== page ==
BlackRock Inc.’s exchange-traded fund arm, iShares, plans to launch a series of corporate bond ETFs that look and act like individual bonds.
The proposed series of iShares Corporate Bond Funds will be a set of target-date ETFs, each holding a basket of investment-grade bonds set to expire in their given year. The San Francisco-based ETF provider already offers a similar suite of products that hold municipal bonds.
Fixed-income ETFs have been in high demand for the past two years as investors look for more targeted and liquid access to bond markets. Bond ETFs had $39 billion of inflows through the end of September, the most of any asset class, according to Morningstar Inc. That puts them on pace to beat last year’s record inflows of $43 billion, which were more than double those in 2010.
Even with the sudden popularity, bond ETFs have a long way to go to catch up with their equity siblings, which hold more than $900 billion.
Mark Wiedman, global head of iShares, said he thinks target-date bond ETFs are one of the ways bond ETFs are going to catch up to equities, as they’re more like what the typical bond investor is familiar with.
Mr. Wiedman explained that some traditional fixed-income investors aren’t fully on board with bond ETFs because they don’t know enough about them yet. Others are put off by the fact that the funds come with a ticker symbol and trade intraday, making them resemble a stock rather than a bond.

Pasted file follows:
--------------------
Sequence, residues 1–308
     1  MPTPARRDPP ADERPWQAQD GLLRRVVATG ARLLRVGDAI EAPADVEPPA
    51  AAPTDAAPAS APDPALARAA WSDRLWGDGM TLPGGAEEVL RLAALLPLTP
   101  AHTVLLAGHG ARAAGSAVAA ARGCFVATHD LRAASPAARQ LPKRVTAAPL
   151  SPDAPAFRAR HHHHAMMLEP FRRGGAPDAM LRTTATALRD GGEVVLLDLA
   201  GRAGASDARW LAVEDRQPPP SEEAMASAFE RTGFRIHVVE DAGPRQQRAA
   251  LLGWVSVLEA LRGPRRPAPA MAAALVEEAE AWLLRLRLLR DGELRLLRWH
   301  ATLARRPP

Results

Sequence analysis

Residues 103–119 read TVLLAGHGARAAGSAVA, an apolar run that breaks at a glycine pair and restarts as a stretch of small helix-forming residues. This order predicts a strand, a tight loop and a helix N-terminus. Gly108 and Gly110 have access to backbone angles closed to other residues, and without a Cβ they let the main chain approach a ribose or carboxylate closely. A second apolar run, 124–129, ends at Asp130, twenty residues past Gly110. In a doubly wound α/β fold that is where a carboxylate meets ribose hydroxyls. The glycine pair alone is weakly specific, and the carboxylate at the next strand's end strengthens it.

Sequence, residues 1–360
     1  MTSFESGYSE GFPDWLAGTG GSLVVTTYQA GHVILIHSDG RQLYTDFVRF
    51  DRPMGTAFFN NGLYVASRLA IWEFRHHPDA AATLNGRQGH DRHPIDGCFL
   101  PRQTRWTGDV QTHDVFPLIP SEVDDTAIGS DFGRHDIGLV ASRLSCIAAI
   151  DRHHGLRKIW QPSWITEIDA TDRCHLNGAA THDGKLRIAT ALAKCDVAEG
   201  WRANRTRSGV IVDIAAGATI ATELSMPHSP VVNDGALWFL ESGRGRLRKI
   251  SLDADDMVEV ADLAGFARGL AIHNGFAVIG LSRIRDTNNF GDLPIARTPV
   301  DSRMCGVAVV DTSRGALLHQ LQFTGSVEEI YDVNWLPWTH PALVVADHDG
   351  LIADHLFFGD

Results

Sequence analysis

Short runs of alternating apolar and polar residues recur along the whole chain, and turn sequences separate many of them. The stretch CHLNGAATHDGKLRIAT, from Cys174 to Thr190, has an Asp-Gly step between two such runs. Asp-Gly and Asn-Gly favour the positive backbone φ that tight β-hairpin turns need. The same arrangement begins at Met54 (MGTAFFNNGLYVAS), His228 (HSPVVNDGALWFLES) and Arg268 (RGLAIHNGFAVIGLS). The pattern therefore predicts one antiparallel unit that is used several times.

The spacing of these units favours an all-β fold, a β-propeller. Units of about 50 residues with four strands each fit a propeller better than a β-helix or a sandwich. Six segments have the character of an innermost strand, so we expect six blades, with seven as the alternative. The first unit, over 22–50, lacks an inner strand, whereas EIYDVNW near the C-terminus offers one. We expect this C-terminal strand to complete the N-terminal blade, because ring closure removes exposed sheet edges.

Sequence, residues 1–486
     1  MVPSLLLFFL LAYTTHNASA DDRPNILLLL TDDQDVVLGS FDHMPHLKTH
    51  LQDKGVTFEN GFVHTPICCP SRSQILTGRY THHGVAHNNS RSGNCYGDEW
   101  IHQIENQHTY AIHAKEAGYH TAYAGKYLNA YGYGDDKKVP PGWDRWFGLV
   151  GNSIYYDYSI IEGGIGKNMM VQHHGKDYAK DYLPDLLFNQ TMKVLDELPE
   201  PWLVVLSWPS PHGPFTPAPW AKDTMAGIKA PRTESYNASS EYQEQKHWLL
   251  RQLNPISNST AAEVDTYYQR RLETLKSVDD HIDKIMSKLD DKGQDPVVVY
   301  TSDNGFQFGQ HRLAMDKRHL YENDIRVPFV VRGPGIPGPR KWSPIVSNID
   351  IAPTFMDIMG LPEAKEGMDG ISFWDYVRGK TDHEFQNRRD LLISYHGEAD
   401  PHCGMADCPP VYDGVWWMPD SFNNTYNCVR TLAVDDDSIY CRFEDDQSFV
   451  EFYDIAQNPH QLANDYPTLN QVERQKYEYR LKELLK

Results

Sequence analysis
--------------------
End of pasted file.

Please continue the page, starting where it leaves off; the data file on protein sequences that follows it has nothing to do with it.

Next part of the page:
“Fixed-income people don’t get ETFs,” he said at last month’s Morningstar ETF Invest Conference in Chicago. “We need to make them look more like a bond.”
The idea behind the target-date ETFs is to give investors who typically buy individual bonds the same set of maturity and expected yields they’re used to, but with the benefit of getting a diversified basket of bonds in a single purchase with a lower minimum investment and cheaper bid/ask spreads.
In 2010, Guggenheim Investments became the first ETF firm to offer target-date bond ETFs with the launch of its BulletShares lineup of corporate and high-yield bonds.
BulletShares ETFs recently hit $1.75 billion in assets, and the firm’s research shows that investors are in fact treating them like individual bonds. Bill Belden, head of product development at Guggenheim, said there has been only one redemption since the suite was introduced.
Not surprisingly, Guggenheim is seeing the most interest in its target-date bond ETFs maturing in 2013, 2014 and 2015, which is when the Federal Reserve has said it’s likely to begin raising rates again. By having bonds that come due around that time, advisers can reinvest at the higher interest rates.
Rising interest rates generally spell doom for traditional bond mutual funds. A 1% rise in rates would cause a 4% to 5% loss in the Barclays Aggregate Bond Index, for example.
The Guggenheim BulletShares Corporate Bond ETFs charge 40 basis points. The iShares products are expected to be priced competitively.
An initial filing with the Securities and Exchange Commission did not list the expense ratios or specific target-dates that iShares plans to offer. Spokeswoman Christine Hudacko declined to comment while the ETFs are in registration.